PhD, Docent Sklar Howard

94100 €

Denial of Self: The Hidden Costs of Discrimination

Tieteellinen tutkimus / siihen pohjautuva työ | Kolmivuotinen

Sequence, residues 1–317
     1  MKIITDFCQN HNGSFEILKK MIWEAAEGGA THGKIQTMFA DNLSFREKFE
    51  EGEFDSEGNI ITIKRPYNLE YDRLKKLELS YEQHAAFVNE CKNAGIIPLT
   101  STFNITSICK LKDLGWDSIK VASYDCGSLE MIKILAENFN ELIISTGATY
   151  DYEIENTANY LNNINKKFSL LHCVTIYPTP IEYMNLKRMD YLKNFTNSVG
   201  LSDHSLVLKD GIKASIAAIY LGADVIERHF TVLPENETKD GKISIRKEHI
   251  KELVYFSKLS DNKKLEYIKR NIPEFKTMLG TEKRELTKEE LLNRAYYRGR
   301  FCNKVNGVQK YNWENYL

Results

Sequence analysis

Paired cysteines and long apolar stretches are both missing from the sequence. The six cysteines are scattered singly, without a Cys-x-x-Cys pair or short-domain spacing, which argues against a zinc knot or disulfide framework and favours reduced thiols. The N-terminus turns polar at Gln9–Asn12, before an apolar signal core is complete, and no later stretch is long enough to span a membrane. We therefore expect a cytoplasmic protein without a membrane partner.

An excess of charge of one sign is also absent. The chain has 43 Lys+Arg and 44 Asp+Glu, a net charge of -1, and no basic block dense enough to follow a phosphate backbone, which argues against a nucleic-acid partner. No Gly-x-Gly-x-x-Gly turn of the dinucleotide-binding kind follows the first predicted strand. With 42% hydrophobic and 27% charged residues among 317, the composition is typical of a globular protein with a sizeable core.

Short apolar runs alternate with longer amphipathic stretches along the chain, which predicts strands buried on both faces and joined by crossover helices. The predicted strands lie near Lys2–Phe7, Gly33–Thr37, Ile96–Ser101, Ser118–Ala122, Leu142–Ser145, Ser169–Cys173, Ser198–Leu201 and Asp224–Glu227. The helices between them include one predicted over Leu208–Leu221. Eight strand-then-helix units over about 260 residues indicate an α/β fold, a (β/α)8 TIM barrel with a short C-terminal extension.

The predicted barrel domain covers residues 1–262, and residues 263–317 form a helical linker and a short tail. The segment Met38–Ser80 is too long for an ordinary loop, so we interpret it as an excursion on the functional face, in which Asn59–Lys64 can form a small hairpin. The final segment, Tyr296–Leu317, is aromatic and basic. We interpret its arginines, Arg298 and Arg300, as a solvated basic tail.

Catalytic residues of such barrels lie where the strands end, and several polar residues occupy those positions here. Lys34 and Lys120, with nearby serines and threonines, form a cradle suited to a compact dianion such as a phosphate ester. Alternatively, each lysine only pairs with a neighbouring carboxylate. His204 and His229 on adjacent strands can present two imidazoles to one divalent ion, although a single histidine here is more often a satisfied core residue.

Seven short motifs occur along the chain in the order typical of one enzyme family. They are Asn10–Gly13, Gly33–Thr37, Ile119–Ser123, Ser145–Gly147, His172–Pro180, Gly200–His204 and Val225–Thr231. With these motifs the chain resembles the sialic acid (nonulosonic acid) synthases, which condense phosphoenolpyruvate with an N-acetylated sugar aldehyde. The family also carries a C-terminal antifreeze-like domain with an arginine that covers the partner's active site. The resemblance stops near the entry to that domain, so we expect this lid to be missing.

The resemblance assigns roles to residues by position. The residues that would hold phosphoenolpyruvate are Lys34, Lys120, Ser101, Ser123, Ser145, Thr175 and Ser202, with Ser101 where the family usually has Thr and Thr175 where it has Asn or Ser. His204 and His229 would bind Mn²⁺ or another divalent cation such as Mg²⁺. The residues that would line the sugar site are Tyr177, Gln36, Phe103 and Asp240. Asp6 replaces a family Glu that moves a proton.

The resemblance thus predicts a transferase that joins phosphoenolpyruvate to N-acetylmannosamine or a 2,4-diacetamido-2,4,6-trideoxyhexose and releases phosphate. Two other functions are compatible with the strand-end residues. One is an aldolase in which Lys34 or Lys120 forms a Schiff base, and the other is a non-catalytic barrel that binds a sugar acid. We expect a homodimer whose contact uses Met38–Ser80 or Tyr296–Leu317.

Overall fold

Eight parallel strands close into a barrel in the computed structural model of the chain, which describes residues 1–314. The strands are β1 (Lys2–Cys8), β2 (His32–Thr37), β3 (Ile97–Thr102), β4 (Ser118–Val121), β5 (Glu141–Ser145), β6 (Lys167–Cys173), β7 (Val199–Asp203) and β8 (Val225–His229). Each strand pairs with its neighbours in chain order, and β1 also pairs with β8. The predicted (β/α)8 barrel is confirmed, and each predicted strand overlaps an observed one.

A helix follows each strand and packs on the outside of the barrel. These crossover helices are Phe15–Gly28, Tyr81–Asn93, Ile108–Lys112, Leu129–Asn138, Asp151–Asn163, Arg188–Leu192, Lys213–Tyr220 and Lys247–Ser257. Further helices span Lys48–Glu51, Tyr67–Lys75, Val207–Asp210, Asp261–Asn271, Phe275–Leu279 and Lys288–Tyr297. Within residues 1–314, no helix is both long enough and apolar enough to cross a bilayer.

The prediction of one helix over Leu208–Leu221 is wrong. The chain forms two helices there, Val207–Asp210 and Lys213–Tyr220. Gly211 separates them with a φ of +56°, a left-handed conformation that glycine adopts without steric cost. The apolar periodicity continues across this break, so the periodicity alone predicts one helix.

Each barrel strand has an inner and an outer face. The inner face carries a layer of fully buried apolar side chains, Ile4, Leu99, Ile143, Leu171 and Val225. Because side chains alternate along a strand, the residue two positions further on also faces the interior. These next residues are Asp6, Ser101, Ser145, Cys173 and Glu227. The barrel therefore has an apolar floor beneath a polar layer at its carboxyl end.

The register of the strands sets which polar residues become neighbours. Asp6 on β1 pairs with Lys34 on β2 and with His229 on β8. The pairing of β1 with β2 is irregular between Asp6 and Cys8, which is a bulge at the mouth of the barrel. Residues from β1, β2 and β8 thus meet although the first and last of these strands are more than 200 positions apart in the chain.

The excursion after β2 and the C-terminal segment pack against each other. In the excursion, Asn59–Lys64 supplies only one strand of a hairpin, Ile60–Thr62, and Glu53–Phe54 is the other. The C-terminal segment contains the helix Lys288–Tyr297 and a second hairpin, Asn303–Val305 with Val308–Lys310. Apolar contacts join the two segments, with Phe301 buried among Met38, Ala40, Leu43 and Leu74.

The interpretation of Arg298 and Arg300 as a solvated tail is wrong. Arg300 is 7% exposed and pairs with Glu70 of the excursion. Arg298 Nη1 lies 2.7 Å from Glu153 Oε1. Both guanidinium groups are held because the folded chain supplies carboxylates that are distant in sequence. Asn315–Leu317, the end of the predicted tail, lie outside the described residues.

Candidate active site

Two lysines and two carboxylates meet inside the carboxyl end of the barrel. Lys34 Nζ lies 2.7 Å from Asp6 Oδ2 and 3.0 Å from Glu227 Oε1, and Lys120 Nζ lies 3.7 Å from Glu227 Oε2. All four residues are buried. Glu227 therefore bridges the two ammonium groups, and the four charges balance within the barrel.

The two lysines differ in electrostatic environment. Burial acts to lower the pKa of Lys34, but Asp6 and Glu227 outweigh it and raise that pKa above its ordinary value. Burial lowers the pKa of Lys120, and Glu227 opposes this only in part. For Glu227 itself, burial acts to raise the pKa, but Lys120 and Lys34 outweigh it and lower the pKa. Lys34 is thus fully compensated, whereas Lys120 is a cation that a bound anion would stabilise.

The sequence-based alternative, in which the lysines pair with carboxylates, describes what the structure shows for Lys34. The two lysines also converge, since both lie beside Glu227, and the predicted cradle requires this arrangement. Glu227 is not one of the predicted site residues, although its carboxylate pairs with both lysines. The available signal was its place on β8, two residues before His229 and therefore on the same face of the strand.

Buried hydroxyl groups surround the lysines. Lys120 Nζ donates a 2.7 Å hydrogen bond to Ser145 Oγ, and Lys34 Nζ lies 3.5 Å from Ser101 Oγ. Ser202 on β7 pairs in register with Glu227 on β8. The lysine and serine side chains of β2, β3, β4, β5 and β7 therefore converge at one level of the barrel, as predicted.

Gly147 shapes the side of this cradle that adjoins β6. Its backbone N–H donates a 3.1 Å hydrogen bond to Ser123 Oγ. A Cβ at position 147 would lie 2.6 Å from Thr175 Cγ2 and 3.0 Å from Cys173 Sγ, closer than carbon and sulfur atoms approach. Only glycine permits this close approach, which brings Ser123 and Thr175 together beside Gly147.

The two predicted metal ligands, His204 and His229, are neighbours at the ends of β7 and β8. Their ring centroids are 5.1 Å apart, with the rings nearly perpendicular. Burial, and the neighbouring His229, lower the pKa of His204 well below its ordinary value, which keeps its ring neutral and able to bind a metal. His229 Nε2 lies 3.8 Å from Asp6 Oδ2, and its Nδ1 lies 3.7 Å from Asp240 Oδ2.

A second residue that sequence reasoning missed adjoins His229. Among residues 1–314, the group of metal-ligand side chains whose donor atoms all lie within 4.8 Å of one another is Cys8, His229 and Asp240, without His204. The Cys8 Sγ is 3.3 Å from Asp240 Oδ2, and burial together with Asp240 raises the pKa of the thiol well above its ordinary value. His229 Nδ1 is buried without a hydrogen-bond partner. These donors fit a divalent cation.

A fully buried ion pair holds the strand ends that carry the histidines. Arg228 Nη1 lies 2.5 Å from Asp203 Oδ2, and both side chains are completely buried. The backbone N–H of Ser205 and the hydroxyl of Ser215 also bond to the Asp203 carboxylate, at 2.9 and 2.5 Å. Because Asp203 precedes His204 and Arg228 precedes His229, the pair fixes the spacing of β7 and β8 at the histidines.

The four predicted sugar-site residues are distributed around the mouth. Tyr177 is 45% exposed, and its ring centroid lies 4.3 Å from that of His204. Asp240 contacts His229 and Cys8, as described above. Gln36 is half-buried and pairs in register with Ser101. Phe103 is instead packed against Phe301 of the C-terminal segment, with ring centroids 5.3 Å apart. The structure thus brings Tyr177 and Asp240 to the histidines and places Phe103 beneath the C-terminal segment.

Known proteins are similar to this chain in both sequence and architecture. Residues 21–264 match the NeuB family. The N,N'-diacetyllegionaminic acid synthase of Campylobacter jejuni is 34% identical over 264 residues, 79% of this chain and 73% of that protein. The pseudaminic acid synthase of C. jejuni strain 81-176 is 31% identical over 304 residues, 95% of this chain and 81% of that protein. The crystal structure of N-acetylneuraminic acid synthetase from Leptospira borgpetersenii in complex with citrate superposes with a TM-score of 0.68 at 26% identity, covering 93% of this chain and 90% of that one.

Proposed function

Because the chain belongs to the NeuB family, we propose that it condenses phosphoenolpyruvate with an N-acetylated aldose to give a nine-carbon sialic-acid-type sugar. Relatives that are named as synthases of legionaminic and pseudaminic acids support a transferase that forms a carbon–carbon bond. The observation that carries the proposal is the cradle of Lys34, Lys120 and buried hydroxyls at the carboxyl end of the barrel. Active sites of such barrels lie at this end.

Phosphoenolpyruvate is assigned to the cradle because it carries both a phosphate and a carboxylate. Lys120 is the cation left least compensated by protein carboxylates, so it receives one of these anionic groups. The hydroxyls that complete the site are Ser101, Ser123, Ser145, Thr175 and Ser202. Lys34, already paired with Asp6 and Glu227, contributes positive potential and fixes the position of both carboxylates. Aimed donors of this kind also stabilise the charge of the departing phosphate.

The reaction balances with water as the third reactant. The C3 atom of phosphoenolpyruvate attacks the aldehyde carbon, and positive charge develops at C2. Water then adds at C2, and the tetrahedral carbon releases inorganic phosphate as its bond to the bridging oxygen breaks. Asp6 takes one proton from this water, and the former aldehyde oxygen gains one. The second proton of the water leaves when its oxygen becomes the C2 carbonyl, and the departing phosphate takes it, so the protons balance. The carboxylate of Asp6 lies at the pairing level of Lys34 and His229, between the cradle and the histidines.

One of the most complex and arguably tragic consequences of racial, ethnic or gender discrimination is the concealment or even the denial of one’s own identity. From the “closeted” existence of those who identify as LGTBQ+, to the attempts by light-skinned African Americans to hide their identities in order to “pass” within mainstream white society, the impulse to conceal one’s identity has been a persistent experience for those who, for a variety of reasons, have been subjected to discrimination and the threat of violence. Despite the considerable scholarship available on the hiding of one’s identity in other communities, however, very little attention has been given to the widespread, and in certain significant respects comparable, practice of passing among the Jewish people, particularly in Europe and the United States. This project will provide a comprehensive examination of the various motivations for the practice of hiding in the Jewish experience as represented primarily in 20th- and 21st-century American literature, in response to religious persecution, ethnic repression, assimilation, self-hatred, marginal population, or vicarious identification with other marginalized groups. The emphasis on narratives stems from the aim to grapple with the experience of invisibility: the motivations, life experiences, and social consequences of concealing one’s identity. Narratives can capture experience more vividly than philosophical or reportorial texts, and thus can communicate aspects of experience that are inaccessible in other forms of discourse. Also, as I have shown in prior research, the access to this experience through literature heightens the ethical stakes involved in engaging with “lives” that are different from our own. The similarities between these experiences and those of other groups, moreover, reinforce the significance of this research in illuminating the pressures on those who are identifed as “others” to conceal or deny their identities.